With mixed messages at best coming from Albany and time running out, state legislators need to hear from constituents who support congestion pricing.
"It’s just a bad approach where working class citizens of the city of New York are going to wind up having to pay either $8 or eventually a fare increase."
If pricing passes, just 3.7 percent of those who live in Diaz’s district would pay the congestion charge. That leaves 96.3 percent to face more fare increases if pricing fails. Legislators like Diaz need to understand that, by voting against pricing, they will be responsible for increases in transit costs, and delays in improvements, which will be borne by nearly 100 percent of the working class citizens they represent.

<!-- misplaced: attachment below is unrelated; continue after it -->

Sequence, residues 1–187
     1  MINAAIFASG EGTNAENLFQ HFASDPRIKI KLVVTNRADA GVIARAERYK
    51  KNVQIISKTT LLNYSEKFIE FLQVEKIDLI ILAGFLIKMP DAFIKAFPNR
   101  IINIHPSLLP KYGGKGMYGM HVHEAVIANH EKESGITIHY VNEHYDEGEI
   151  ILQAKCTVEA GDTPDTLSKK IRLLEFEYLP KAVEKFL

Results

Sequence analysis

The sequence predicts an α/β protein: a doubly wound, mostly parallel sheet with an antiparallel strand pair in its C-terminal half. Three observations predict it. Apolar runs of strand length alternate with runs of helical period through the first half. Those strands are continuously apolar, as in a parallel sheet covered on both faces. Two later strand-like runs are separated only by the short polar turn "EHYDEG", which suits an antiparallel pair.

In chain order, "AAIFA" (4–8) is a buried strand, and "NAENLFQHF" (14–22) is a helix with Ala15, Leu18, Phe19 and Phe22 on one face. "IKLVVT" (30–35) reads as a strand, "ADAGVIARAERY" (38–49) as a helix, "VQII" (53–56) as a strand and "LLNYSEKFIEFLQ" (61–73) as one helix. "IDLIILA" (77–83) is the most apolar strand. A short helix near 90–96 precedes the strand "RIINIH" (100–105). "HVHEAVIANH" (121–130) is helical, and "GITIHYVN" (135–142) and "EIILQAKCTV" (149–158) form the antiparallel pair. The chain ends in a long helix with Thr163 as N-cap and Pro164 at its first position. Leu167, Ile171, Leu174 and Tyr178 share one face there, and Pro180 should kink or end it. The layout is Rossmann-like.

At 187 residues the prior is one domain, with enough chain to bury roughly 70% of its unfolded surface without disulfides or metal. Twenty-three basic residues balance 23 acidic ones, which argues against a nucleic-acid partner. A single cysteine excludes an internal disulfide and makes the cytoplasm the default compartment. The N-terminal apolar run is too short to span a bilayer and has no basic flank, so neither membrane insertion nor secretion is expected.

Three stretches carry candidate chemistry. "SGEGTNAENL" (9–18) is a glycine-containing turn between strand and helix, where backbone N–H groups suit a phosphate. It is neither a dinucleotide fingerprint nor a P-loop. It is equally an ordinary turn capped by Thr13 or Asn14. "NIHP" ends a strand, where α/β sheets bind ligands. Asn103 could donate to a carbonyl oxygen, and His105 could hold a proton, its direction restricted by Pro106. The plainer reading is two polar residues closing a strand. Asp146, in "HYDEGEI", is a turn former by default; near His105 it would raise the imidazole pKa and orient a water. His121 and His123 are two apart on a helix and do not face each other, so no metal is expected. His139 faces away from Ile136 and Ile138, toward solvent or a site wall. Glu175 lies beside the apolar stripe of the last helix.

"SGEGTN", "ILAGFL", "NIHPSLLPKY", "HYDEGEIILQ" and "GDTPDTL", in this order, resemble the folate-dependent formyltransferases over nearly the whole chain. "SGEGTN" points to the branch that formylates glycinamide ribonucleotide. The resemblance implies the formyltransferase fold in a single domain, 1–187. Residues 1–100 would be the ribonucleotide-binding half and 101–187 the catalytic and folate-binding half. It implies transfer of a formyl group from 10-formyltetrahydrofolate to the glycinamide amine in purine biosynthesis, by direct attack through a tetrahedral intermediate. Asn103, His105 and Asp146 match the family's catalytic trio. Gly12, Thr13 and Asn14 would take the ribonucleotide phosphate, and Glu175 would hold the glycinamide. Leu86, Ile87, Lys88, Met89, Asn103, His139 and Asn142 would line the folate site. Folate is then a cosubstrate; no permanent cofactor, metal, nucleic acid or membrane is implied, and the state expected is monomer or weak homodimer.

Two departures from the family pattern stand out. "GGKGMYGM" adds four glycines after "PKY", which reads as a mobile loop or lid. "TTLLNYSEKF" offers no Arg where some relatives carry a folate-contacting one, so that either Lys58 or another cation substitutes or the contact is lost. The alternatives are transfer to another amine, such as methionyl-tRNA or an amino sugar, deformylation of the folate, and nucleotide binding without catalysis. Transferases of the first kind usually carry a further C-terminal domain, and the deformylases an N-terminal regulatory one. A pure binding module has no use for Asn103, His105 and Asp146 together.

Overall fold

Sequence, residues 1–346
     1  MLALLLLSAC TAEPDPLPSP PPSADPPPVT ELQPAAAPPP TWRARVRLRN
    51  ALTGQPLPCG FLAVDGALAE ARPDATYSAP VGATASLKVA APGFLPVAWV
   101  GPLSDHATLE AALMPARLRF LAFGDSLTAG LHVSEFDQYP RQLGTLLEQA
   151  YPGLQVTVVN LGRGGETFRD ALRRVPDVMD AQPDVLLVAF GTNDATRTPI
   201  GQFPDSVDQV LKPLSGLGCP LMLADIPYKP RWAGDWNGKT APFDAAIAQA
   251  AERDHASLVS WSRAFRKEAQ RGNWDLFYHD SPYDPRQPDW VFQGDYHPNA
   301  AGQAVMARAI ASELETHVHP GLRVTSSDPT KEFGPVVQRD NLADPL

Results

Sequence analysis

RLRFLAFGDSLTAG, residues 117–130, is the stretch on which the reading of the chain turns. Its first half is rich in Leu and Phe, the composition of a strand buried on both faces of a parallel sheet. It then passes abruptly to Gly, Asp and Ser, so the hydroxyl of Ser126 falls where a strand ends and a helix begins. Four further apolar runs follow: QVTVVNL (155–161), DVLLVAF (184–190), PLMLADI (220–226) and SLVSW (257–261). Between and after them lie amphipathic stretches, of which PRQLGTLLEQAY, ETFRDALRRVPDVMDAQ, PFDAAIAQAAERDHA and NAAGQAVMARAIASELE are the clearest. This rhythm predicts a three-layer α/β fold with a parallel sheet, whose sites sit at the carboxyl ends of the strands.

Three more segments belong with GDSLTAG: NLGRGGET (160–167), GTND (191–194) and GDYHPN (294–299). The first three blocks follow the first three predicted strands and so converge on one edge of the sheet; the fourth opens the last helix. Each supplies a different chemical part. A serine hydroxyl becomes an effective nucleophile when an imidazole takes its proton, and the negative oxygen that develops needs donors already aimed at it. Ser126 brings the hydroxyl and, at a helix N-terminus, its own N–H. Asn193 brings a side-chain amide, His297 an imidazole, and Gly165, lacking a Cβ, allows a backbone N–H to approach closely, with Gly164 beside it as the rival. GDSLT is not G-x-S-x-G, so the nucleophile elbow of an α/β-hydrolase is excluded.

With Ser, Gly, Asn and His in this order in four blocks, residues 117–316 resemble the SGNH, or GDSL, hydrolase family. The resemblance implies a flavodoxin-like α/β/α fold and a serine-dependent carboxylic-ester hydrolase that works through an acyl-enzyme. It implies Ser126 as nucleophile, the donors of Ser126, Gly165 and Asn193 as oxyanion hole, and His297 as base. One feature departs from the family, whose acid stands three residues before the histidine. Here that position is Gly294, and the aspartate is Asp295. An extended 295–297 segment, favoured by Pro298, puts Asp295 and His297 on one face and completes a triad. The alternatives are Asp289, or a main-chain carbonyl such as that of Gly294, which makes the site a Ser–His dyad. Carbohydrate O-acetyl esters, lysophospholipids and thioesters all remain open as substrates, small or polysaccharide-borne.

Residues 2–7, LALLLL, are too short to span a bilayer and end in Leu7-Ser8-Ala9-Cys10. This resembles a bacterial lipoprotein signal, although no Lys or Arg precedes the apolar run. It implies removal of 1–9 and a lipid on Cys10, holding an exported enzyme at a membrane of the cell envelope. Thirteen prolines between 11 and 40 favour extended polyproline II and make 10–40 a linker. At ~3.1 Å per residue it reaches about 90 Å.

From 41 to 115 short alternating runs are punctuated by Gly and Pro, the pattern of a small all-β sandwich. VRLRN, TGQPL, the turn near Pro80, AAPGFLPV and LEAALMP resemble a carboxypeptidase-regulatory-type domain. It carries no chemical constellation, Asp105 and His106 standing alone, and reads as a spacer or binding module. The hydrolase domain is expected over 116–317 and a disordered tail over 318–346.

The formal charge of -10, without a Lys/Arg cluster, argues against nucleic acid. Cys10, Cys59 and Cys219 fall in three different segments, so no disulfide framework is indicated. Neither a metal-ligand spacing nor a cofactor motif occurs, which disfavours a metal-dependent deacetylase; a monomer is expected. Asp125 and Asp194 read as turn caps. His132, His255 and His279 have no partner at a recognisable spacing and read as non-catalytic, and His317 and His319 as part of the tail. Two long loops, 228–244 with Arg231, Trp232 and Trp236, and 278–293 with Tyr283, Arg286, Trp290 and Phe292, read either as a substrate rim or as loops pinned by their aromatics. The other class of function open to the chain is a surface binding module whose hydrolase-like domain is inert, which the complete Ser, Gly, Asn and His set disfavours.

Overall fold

This is the most important New York City transportation policy moment in decades. It’s worth a phone call.